This will help you break out of your box and make you never want for a comfort zone again.
This is a good insight into Apple and Steve Job from an Apple insider. Elliot's book is well written and engaging. It provides a concise profile of the business practices that helped to make Jobs the icon he is at a very manageable length. Unlike other biographies it doesn't go into depth of Jobs' quirky personality traits and sticks with his business story.
I enjoyed it.
db - Toronto
A very interesting story about Mr Mac himself. The way he was working and his skillful understanding of simplicity for the users. The ups and downs for Apple and how to manage a growing organisation.
It was nice to hear about Steve Jobs life from another person who worked so closely with him. Obviously he doesn't point out very many mistakes of Jobs but does a good job overall with telling us how Apple got started and what happened along the way at a very high level.
This book was really interesting. Jay Elliot provides a behind the scenes look at Apple through most of its history. As an IT pro, and a tech enthusiast, it was really interesting. Definitely worth the listen.
That said, beware of Jay's turns to severe fanboy-ism. This book is one part history lesson, one part business lecture, and one part love letter to Steve Jobs. This is to be expected to some extent. The book is about Steve Jobs after all. However, once the subject turns to the iPhone time period, Jay goes from invested observer to full on fanboy. He repeatedly blames all problems with the first iPhone on AT&T. Any follower of the industry knows that while AT&T's coverage is nothing to brag about, the first iPhone had some significant antenna issues. By the time I got to the last 30 minutes of the book I found myself arguing with Jay, and rolling my eyes at his praises.
If you're an Apple fan, you will love this. If you're a tech enthusiast, but not an Apple person, prepare for a heavy dose of Apple love. BUT, if you can handle the syrup, there is an incredibly interesting story of one of the industry's most iconic companies and leaders just beneath the surface.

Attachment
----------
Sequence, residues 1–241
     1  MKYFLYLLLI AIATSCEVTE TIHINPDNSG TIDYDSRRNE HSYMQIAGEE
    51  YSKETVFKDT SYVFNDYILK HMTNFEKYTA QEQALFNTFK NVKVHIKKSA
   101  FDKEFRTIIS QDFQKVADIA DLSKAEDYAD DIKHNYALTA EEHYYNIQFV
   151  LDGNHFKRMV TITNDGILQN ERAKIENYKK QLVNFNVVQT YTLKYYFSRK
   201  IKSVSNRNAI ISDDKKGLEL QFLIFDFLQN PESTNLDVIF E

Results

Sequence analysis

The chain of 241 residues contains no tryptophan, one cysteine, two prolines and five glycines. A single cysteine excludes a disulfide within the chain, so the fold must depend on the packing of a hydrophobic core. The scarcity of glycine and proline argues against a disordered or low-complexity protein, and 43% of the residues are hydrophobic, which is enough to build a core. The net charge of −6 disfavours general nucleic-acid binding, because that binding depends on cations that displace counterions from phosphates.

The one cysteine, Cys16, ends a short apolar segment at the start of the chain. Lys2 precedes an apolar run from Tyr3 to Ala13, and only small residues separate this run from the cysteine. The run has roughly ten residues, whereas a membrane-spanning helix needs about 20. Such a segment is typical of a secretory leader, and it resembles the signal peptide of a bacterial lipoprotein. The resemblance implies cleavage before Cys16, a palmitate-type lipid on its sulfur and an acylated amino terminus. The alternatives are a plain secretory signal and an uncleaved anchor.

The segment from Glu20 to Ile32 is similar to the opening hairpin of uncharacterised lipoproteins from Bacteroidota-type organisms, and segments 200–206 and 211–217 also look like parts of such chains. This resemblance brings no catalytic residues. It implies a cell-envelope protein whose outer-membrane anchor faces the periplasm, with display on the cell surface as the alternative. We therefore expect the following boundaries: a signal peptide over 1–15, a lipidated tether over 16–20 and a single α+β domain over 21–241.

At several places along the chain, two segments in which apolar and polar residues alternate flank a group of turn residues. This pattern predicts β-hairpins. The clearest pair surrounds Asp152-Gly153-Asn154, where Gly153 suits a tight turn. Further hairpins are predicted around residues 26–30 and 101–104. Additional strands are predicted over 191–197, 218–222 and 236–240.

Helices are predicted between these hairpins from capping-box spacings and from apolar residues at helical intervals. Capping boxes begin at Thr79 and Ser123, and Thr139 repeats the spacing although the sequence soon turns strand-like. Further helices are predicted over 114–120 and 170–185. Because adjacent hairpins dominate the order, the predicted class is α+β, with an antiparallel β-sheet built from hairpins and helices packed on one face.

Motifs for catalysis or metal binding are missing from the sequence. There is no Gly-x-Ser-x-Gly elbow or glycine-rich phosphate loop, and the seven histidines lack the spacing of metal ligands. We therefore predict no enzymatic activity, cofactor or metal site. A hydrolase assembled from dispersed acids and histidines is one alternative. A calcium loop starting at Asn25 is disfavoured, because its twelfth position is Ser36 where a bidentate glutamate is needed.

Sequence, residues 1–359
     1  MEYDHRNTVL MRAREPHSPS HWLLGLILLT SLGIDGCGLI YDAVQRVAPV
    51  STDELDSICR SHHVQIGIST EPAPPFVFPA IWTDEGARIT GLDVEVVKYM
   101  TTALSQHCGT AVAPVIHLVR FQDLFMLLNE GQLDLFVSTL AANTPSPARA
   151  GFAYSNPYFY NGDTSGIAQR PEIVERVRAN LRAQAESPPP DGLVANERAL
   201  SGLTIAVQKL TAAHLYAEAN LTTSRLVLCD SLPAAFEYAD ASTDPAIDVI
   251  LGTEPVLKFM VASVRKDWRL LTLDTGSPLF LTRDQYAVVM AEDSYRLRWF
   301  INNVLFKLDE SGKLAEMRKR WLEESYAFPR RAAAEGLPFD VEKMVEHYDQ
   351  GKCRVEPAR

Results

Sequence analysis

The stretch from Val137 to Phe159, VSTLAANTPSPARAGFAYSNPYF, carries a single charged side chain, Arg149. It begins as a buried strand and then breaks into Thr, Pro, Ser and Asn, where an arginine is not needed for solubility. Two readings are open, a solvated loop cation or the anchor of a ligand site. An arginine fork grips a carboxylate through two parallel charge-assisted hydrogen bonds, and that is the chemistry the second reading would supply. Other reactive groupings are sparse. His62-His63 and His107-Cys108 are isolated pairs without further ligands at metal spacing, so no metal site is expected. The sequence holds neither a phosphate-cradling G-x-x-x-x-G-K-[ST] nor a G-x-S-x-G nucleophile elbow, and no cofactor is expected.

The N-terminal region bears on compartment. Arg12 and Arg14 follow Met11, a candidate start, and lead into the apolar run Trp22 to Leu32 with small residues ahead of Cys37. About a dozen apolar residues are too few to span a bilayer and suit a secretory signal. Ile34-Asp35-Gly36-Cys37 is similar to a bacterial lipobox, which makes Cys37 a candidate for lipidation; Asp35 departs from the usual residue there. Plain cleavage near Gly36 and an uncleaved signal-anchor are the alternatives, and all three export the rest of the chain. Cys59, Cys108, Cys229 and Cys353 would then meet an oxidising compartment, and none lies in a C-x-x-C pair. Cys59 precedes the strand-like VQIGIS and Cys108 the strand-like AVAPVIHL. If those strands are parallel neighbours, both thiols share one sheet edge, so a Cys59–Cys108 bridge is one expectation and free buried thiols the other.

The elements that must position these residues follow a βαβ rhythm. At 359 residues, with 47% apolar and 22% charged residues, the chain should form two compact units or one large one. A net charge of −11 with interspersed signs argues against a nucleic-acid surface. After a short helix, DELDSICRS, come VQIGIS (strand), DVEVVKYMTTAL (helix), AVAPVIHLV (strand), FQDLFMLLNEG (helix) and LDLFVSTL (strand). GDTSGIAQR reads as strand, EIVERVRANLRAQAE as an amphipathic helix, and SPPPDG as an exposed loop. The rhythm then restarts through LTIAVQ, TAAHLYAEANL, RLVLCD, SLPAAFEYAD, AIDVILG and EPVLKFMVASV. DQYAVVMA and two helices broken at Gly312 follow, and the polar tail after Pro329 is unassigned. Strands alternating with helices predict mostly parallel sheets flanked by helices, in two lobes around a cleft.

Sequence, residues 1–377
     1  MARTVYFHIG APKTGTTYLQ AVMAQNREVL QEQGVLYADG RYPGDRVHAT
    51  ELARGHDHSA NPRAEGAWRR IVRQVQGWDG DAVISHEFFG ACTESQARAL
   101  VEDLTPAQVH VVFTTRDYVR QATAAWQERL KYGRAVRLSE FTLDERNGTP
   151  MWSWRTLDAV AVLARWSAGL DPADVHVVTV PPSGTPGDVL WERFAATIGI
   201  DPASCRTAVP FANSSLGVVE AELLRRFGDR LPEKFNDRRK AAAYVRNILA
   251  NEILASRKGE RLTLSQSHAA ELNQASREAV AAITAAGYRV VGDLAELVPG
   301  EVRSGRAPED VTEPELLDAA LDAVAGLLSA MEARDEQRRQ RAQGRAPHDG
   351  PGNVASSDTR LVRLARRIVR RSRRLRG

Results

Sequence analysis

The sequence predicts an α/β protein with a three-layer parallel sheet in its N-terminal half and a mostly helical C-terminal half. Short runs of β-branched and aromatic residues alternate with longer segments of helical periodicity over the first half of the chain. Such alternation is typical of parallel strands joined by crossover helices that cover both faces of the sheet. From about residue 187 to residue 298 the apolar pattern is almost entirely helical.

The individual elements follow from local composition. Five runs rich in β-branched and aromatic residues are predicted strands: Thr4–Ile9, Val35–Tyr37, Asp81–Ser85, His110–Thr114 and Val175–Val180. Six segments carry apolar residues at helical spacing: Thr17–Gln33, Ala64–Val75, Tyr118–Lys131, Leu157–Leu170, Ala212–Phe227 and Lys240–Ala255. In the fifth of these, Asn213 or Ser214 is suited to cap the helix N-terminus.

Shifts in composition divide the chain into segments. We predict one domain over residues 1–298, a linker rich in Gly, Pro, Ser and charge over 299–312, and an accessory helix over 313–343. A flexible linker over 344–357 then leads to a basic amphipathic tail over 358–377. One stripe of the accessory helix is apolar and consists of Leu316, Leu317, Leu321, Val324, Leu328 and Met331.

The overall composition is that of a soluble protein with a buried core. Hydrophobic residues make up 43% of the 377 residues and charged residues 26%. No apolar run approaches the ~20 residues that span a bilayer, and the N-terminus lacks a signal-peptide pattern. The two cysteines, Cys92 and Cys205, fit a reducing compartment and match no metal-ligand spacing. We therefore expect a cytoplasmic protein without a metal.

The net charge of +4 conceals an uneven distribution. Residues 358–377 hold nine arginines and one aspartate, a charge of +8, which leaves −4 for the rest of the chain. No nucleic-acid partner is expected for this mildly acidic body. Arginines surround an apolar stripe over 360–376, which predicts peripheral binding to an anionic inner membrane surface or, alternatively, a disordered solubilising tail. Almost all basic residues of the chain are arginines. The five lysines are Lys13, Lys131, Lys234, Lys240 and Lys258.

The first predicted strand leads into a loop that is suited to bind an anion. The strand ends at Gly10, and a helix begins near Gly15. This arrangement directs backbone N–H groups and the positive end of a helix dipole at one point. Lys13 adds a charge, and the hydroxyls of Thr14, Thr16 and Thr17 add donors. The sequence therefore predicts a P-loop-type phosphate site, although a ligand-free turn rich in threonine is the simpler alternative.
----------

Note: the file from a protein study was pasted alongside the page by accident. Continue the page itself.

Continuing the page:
Much better than many other books about Steve Jobs and leadership. Unlike other books on audible aobut this topic, this book has an insider's view point and new material, not just direct quotes from material you can experience first hand on you tube. The new stories really give you a new look at the inside workings of Jobs the leader and Apple. In addition the narration is good (not the absolute best but still good).
After a while, the book sort of rambles, and one is left without a clear concise message (I doubt Jobs would approve), but still it was very entertaining and enjoyable. The insider quality is novel and really offers a lot.
I have been listening to this book while I am waiting for Walter Isaacson's biography of Steve Jobs to be published. It is a wonderful surprise, written by Jay Elliot, who was Job's "right hand man" for years. He offers a fascinating look at Jobs from inside Apple, and how Jobs operated it. I found myself to be so absorbed that it was difficult to turn off and go to bed. And the narrator has an easy and compelling voice.
The book is okay. It's a little over the top in praise of Steve Jobs. I think it would have been much more interesting and helpful had the author been a bit more realistic about Mr. Jobs weaknesses.
It's nicely written and superby read. I disliked the whole "iLeadership" concept though and felt that was a bit forced and unnecessary. It works best when it doesn't try to be profound and comprehensive - just the little human anecdotes are very revealing and useful. I was also unsure of how recently Elliot was at Apple - I got the impression the book went from an insider's point of view in the '80s to just an informed commentator through the major iPod/Pad/Phone era.